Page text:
To be a queer desi diasporic person is to be lonely.
Lonely in rooms full of people with noses just like yours joking about which cousin will get married next. In the last moments of a house party full of white queers, as the conversation wanders to defining queer moments and you dream of brown skin. And alone, hunched over a notebook in the middle of the night, wondering if there are pictures or words to express how far away you are. To travel across a sea of silence toward a world where you feel full.
In December 2016, we — my cousin Urvashi Pathania and I — began working on The Turmeric Project out of desperation, to bridge that sea. A month earlier on the day after Donald Trump was elected, out of sheer exhaustion, I told my mother I was queer. I was still limping along the path to accepting my new and painful identity.
“I was still limping along the path to accepting my new and painful identity.”
And Urvashi was five months out from quitting a corporate job to apply to film school and wondered every day how to find her place if corporate America had nothing for her. In this moment, Urvashi flew out from New York City to live with me in the Bay Area for three weeks and begin asking, through film, the questions most natural to us.
In the ritual of upper class desi diaspora, my parents were in India for the month. Urvashi, my brother and I would wake up to an empty house in the Silicon Valley and spend the days calling organizers and artists to find people willing to share themselves.
Some days, we would load up my car with equipment and drive together to Berkeley or San Francisco, watching the sun flashing cold off the Pacific Ocean and trying to summon language to speak to each other outside of the confines of family dinners. It came slowly, in small bursts of eloquence, as we realized together that we were creating the art and vocabulary we most needed from the world as young and confused people.
“We were creating the art and vocabulary we most needed from the world as young and confused people.”
In the evenings, we’d load footage of interviews, performances, art shows, and organizing spaces onto my parents’ television and watch, sitting together on the Kashmiri carpet. We’d repeat phrases to ourselves that are still burned into our memories.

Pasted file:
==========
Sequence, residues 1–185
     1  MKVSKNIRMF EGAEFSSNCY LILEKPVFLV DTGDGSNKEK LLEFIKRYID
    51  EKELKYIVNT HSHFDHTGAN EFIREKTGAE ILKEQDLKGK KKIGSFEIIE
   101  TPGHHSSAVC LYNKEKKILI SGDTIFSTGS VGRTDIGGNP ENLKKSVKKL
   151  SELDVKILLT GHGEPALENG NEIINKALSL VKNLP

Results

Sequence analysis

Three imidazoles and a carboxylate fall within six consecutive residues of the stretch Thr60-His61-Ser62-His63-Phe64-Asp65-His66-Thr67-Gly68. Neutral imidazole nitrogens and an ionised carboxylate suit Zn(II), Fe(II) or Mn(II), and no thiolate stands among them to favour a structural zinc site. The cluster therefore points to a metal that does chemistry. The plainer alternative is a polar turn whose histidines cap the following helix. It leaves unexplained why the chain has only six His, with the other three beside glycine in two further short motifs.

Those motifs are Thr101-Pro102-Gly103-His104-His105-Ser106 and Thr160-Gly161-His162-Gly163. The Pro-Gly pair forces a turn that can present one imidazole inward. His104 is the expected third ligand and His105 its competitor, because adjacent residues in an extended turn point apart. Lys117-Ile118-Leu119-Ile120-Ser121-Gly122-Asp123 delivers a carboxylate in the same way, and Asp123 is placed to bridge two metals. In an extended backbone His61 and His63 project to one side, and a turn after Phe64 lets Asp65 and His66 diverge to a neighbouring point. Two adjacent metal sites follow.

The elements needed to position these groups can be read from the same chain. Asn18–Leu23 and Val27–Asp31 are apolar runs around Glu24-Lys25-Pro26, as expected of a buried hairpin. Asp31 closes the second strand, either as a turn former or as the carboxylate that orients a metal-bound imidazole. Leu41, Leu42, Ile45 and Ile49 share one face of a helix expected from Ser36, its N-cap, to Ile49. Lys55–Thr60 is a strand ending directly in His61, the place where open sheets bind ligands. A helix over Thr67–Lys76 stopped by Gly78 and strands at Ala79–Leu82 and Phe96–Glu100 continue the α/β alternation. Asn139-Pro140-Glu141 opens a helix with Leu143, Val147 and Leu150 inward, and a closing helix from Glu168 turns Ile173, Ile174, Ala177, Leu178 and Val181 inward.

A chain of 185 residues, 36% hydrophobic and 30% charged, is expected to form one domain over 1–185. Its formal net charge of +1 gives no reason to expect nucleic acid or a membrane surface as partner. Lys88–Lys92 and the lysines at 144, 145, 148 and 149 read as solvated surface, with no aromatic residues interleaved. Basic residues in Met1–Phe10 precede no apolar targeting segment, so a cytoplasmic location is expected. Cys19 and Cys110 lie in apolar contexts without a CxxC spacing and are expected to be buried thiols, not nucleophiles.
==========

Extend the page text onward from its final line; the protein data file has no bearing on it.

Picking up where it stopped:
“Identities are formed through violence.”
“This is the only way I know how to access introspection.”
“I want healing.”
When Urvashi went back to New York City, she would send me selfies of hours hunched over editing software, teaching herself new programs and bringing our experiences to life for other folks.
For us at the Turmeric Project, creating art, creating a shared language, creating community, are the same thing, and all of them heal our souls the way that turmeric heals our bodies. The Turmeric Project grounded me in the variety and creativity of queer South Asian culture and turned my biological family into chosen family.
We hope that this art, language, and community are a gift to other queer South Asian Americans, as comforting as the turmeric that our grandmother used to put in our kichdi.
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The Turmeric Project kicked off its Artist Spotlight series with artist Zulfikar Ali Bhutto, talking about his Mussalman Muscleman series, masculinity, identity, third cultures and that DIY aesthetic.
The Turmeric Project talks to New York artist Ayqa Khan about queer futures, body hair, family and more.
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Sagaree Jain is an aspiring poet, scholar, organizer, and educator. She graduated with a degree in history and a minor in English from the University of California at Berkeley in 2017, where she studied gender, race, post-coloniality, and South Asia. She is the co-founder of the coalition South Asians for Social Justice and the recipient of a 2017 John Gardner Fellowship in Public Service. Sagaree works to spotlight queer South Asian art and healing as the producer of the The Turmeric Project.